Quantum chip read by the cell shows whether the product is authentic
Image above – A prototype of the quantum identification chip, expected to hit the market in 2018. [Image: Yameng Cao et al./Lancaster University]
Quantum digital printing
If you think that the internet of things is only done with ultra-simplified circuits and that quantum technology is an extremely complicated and futuristic thing, it’s best to pay close attention to this chip.
It has been thought to function as an anti-counterfeit label, which can be incorporated into products to attest its origin and authenticity.
The novelty is that it does this using a quantum technology, which makes the chip itself virtually immune to fakes.
On an atomic scale, quantum physics amplifies these irregularities, making it possible to create a “fingerprint” of the material that can be incorporated into simple electronic devices and optical labels – essentially a quantum digital print.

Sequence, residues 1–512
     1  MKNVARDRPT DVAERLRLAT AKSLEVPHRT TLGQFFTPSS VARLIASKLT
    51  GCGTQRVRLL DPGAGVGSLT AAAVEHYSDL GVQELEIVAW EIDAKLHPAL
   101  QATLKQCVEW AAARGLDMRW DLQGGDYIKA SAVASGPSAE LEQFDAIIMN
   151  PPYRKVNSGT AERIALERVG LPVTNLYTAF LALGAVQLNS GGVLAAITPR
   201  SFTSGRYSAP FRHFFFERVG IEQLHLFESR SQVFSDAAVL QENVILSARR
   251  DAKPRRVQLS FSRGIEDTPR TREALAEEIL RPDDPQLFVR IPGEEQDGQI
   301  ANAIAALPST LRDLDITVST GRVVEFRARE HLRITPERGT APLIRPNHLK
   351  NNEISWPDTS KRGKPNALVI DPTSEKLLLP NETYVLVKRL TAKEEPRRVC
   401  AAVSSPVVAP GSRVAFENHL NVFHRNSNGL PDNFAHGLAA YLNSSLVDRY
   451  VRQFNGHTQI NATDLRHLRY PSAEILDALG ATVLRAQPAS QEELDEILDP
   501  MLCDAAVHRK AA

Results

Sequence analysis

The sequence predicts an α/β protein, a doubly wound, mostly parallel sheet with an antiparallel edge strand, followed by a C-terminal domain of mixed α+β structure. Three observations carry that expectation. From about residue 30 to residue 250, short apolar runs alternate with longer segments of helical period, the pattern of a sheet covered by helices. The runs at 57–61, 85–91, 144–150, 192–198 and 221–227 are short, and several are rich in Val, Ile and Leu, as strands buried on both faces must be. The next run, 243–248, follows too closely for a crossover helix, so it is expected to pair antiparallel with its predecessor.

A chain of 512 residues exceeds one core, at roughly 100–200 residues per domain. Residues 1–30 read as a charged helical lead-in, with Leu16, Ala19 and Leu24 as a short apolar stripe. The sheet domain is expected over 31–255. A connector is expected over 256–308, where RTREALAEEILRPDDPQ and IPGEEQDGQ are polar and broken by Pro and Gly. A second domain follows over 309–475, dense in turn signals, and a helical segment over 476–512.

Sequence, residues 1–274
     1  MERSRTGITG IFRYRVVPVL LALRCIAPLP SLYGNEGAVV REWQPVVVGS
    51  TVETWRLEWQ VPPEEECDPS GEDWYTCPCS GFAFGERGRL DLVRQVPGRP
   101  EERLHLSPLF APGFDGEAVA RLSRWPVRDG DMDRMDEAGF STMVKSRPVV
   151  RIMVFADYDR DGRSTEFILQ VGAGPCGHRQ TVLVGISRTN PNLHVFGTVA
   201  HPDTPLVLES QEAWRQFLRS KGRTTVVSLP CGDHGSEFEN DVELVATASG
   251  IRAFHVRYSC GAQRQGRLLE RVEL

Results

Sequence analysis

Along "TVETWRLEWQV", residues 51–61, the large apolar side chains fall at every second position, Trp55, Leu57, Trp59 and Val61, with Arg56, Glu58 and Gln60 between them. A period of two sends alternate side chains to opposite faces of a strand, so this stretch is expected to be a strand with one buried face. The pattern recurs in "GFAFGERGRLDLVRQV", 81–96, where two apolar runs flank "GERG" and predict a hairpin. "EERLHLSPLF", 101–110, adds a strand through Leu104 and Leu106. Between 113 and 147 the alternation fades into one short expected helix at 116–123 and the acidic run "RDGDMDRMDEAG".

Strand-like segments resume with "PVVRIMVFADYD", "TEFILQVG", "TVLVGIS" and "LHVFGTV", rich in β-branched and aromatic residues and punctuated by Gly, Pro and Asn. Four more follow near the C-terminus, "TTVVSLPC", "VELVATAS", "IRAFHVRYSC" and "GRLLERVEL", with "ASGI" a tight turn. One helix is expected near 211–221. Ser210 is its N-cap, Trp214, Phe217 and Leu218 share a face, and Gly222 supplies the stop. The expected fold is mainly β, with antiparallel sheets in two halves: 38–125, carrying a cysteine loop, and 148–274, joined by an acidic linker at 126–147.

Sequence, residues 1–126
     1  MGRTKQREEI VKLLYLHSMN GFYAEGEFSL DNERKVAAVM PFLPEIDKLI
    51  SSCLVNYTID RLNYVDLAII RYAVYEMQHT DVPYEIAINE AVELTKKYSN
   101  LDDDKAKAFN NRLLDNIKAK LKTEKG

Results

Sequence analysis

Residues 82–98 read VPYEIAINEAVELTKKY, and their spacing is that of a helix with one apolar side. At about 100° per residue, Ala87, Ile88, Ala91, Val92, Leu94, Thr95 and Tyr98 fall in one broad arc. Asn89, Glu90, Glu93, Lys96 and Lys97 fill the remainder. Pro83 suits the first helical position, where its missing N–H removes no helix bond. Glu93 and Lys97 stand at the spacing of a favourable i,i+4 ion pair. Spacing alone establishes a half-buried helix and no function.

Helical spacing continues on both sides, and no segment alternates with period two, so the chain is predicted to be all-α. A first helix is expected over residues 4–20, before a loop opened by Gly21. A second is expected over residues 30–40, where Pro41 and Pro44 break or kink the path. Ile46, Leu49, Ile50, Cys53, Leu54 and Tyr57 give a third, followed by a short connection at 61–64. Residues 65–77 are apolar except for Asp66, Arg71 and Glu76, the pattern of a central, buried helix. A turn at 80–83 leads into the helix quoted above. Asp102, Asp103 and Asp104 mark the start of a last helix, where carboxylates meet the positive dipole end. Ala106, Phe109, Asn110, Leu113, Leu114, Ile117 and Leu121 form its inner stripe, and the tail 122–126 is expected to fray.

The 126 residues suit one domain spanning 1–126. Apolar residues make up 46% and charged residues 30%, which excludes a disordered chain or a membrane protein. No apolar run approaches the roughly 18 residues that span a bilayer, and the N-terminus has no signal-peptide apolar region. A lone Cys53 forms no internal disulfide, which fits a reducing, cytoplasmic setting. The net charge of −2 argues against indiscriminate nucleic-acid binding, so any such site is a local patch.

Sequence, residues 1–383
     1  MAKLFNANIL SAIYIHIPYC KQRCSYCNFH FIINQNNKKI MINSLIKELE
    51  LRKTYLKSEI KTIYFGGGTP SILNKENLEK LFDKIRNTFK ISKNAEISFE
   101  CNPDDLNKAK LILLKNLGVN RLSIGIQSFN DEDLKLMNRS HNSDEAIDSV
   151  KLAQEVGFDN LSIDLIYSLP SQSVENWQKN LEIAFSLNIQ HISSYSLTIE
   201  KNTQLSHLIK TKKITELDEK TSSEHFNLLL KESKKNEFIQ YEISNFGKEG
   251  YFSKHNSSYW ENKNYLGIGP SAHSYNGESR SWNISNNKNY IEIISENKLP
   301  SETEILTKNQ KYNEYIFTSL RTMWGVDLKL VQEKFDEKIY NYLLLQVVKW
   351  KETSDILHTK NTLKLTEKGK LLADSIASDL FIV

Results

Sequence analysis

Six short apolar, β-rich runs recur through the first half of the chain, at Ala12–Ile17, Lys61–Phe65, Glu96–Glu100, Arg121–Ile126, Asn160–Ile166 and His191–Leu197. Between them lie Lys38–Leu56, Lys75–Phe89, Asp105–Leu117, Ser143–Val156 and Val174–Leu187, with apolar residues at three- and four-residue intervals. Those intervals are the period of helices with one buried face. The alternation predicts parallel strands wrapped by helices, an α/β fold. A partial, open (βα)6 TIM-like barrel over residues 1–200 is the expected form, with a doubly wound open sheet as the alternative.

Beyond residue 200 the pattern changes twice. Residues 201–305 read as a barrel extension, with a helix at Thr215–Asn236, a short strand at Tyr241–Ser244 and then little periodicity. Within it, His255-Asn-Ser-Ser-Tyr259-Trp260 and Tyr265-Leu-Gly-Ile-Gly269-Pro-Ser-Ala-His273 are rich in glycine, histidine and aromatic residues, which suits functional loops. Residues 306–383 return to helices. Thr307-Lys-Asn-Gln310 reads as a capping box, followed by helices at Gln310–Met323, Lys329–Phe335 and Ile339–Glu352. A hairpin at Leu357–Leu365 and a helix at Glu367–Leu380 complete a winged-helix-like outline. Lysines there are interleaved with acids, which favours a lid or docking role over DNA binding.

Authentic or fake
The team demonstrated how the technique works through a mobile application that can read whether a product is authentic or fake using the camera itself.
The idea is that when the technology is adopted commercially, consumers themselves can quickly check whether a product is authentic or counterfeit: The application reads the number on the label and checks the manufacturer’s database to see if it is a valid product.
The team claims to want the new chip to hit the market in early 2018.
Sources: Optical identification using imperfections in 2D materials
Yameng Cao, Alexander J. Robson, Abdullah Alharbi, Jonathan Roberts, Christopher S. Woodhead, Yasir J. Noori, Ramón Bernardo-Gavito, Davood Shahrjerdi, Utz Roedig, Vladimir I. Falko, Robert J. Young